I have explained why it is important for the government to protect procreative relationships. This is the relationships that brings new members of society into society and raises and educates them. Therefore it is important for society. Homosexual relationships do not bring new members of society into society and therefore they have no special importance for society. Once you deny that children should have a mother and a father then there is no criteria whatsoever to guide our understanding of what set of relationships a child should be brought up in. Why limit the number of parents to 2? The only reason is because the child has a natural relationship to two persons, a mother and father. Once you remove that there is no reason why the child should not have 3 parents or more, or just live in a commune. Removing the necessity of a mother and father undermines the natural sets of relationships that every child HAS A RIGHT TO. These natural sets of relationships are the most fundamental building blocks of any possible society because it is where new people come from. Gay "marriage" is an attack on these natural sets of relationships.

    I do appreciate you ending with GOD BLESS even though we disagree.

  99. Rob Niccolai

    April 9, 2014 at 2:15 am

    Johnny O'Neill You say you acknowledge that same sex families exist. Yet, you say the only family that deserves protections under the law are "procreative." To deny them recognition under the law is to deny their existence. You also say "Removing the necessity of a mother and father undermines the natural sets of relationships that every child HAS A RIGHT TO" This was done years ago with divorce. There is a huge percentage of families out there that do not have both a mother and father. This in no way negate families that DO have both parents.

    "Your opinion negates my understanding of my own family" if you cannot look at your own family and understand it's construct that is a personal issue – there are many families that don't look like yours, if that causes you confusion, again – your issue. This debate is not whether or not families without 2 opposite sex parents should be allowed to exist – because they already are allowed and that won't change. The debate is should these taxpaying families be entitled to the same gov. protections as families with 2 opposite sex parents. There are a huge number of children in non-traditional families — they deserve the right to be protected. Period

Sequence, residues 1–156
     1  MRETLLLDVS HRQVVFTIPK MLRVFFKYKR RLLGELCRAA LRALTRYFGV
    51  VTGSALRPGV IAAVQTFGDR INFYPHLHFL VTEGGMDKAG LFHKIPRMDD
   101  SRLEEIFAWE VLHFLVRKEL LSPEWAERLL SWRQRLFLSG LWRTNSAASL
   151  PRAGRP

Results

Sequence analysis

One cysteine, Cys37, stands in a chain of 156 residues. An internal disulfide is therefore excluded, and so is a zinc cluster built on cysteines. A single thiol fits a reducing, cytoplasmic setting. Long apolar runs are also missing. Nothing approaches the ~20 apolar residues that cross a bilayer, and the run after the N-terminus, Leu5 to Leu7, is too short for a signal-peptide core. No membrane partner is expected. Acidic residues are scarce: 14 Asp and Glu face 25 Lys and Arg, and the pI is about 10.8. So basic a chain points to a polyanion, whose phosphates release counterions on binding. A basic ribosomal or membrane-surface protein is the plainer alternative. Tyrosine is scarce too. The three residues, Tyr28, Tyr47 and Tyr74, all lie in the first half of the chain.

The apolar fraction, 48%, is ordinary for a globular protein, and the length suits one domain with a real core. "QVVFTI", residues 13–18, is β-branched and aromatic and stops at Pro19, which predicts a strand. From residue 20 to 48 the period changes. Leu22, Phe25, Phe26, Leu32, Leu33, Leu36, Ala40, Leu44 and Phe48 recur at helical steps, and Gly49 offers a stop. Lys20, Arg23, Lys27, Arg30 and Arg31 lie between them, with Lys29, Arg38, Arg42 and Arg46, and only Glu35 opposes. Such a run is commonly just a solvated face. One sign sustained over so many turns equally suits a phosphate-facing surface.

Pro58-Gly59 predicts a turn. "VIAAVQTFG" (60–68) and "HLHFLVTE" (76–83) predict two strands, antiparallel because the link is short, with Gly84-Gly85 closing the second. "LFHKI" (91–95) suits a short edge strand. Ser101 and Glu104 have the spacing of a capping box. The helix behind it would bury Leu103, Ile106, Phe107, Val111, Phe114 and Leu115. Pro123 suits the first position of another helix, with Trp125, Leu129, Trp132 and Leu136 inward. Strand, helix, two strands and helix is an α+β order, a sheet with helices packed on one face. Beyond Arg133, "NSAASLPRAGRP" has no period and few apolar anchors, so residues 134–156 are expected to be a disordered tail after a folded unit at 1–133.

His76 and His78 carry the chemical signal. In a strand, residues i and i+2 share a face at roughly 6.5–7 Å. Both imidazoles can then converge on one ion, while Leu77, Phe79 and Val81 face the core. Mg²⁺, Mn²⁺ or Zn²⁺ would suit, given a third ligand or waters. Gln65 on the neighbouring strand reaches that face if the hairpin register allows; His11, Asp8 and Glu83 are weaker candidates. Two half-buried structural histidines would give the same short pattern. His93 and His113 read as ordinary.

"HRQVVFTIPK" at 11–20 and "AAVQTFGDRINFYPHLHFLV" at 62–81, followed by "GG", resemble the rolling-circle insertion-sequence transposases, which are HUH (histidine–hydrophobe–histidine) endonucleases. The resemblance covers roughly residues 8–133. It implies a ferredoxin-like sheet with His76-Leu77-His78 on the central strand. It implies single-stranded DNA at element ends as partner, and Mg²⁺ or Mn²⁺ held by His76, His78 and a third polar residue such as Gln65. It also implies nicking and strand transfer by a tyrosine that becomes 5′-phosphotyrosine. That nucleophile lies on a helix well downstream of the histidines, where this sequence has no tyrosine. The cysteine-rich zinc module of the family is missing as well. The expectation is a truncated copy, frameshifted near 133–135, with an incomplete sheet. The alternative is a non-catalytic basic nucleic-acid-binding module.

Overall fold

To clarify, I do not just disagree with you, but find your opinions disrespectful and dehumanizing to all humans who are not part of a perfect family.

    Good night. I pray that some day you will see value in all people and all families not just those that fit your narrow moral standards. Again, God bless.

  100. Johnny O'Neill

    April 9, 2014 at 2:40 am

    Rob Niccolai

    Youre right about divorce. Marriage and the family have been under attack in our society for decades. Legalizing gay "marriage" is only one more step in the wrong direction.

    I understand my own family. My point is that your understanding of my family is not the same as my understanding of my own family. The point is that your position does negate my position. It changes the legal understanding of what a family is. The legal understanding of a family would no longer correspond to what I understand my family to be. So it is not true to say that my position negates yours but yours does not negate mine. The legal understanding would no longer be about the natural sets of relationships that come from the procreative relationship.

    Actually the debate is about the laws that already exist. Who are you to say that they will not change? I can just as easily say that in most of the states gay "marriage" is not legal and that will not change, so therefore thats not what the debate is about. Obviously you want to change the laws where they have not changed yet. I want to return the laws that have been changed to what they were before and make new laws which protect the institution of marriage from being redefined.

    The children in homes with same sex couples deserve a mother and a father. Period.

    There is a huge difference between a family that has lost a mother or a father and two persons living in a homosexual relationship raising a child. At most, the child can have a natural relationship to only one of the two persons in the homosexual relationship. The child has no relationship to the other person except for the fact that that person lives with and raises the child. A family is based on the natural relationships of a man and a woman to each other and to their children. If the child is adopted then a man and a woman adopt the roles of mother and father. When one man has adopted the role of father, there is no other role for a homosexual partner of his to adopt, because the only other one available is mother, and he is not capable of being a mother. It is always unfortunate when a family has lost a mother or father, for whatever reason, but that does not take away from whatever relationships are still in tact. It is not disrespectful or dehumanizing to recognize that losing a mother or father is tragic, for whatever reason.